holding it all

We are good at reading. We may have forgotten but it took us years to learn, initially not even marrying the meaning to the words, eventually delighting in the richness of content.

When it comes to the descriptions of spiritual states, language is an interesting thing. It is both a gateway and an obstacle. We all know that reading about the experience of meditation, for example, is not the same as experiencing it. The instance where this is most heightened is when it comes to the experience of bliss.

Bliss, sat-chit-ananda, is a concatenation of so much more than intellect and physicality. We may read of it but there is very little we can do from that point.


Another of our tendencies, you see, is to categorize things as good or bad. This sets in at a very early stage, and though it is a graduated evaluation we can pretty much always determine which side of the spectrum an experience is on: the good or the bad. The pleasant, the slightly pleasant, the unpleasant, or the not-so-pleasant.
What we are not so good at, or at least, not when we are on the level of deciphering language, is accepting that an experience can be both good and bad. It doesn’t fit with our brains’ neat way of categorizing. The thing about sat-chit-ananda is that it encompasses all everything. It is what we have read about and it is what we have not read about, it is the argument and the counterargument. It holds in the same space: the understanding, the not quite understanding and the not understanding at all. That is the point. This is it.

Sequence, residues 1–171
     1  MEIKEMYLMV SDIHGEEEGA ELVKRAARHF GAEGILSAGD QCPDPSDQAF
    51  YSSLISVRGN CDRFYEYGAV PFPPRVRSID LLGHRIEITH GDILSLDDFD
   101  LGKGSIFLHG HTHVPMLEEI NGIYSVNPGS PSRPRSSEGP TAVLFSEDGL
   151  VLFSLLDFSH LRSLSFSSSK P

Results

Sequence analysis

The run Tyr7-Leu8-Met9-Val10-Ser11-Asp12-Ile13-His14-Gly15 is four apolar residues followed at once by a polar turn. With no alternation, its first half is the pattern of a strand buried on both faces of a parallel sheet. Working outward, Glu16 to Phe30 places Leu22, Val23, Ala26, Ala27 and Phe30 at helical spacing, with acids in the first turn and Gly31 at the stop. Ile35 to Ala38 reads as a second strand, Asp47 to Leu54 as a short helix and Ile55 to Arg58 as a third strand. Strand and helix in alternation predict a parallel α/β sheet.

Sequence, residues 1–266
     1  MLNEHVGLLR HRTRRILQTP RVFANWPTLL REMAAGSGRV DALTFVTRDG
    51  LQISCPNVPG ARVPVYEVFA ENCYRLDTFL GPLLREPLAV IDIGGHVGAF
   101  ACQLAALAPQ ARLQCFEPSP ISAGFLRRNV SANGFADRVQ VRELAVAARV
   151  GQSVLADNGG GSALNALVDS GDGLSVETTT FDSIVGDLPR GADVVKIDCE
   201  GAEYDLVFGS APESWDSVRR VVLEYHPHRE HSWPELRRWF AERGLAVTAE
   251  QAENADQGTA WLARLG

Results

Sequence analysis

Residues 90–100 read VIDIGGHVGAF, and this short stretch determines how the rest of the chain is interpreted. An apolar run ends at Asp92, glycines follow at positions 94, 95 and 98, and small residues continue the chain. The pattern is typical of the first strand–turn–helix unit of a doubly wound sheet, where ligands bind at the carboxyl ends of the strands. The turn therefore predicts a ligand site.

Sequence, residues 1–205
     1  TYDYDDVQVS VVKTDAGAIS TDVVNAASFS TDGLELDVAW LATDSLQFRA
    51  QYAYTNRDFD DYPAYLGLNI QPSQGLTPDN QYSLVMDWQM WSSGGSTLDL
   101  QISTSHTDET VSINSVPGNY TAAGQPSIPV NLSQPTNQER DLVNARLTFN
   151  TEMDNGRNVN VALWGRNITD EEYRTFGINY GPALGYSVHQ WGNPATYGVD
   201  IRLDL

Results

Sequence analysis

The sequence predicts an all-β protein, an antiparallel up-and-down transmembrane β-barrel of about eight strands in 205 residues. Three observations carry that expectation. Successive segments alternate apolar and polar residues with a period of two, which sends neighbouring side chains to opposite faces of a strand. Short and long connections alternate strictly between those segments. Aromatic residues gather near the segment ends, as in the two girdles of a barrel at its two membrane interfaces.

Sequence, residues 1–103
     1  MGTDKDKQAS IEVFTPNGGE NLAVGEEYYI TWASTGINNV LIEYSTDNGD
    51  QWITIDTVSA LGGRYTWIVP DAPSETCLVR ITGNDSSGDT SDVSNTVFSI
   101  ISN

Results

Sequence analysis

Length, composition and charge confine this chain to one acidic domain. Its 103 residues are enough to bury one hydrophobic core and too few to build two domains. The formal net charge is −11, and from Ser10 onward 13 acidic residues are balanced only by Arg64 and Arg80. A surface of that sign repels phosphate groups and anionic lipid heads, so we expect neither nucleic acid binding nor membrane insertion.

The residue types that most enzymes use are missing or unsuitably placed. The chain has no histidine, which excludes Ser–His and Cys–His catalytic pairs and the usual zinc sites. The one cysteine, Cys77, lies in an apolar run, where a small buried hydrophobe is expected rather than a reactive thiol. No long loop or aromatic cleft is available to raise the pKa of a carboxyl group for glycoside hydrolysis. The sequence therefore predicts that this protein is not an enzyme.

This moment is translucent, uncoloured. The colours we choose to paint it will necessarily be limited by our choice. The spiritual path is one of simultaneously emptying while realizing that true fullness can be emptied indefinitely.

There is no place to go to find this, wherever you are, there you are. There is no moment more precious than this one, that much we know. But can we know this and hold the possibility of there being no moment at all?

Greater minds have puzzled these questions and more elaborate explanations have been presented. The restless mind demands these things but really, actually, there could be nothing more beautifully complex than the pure simplicity of it all.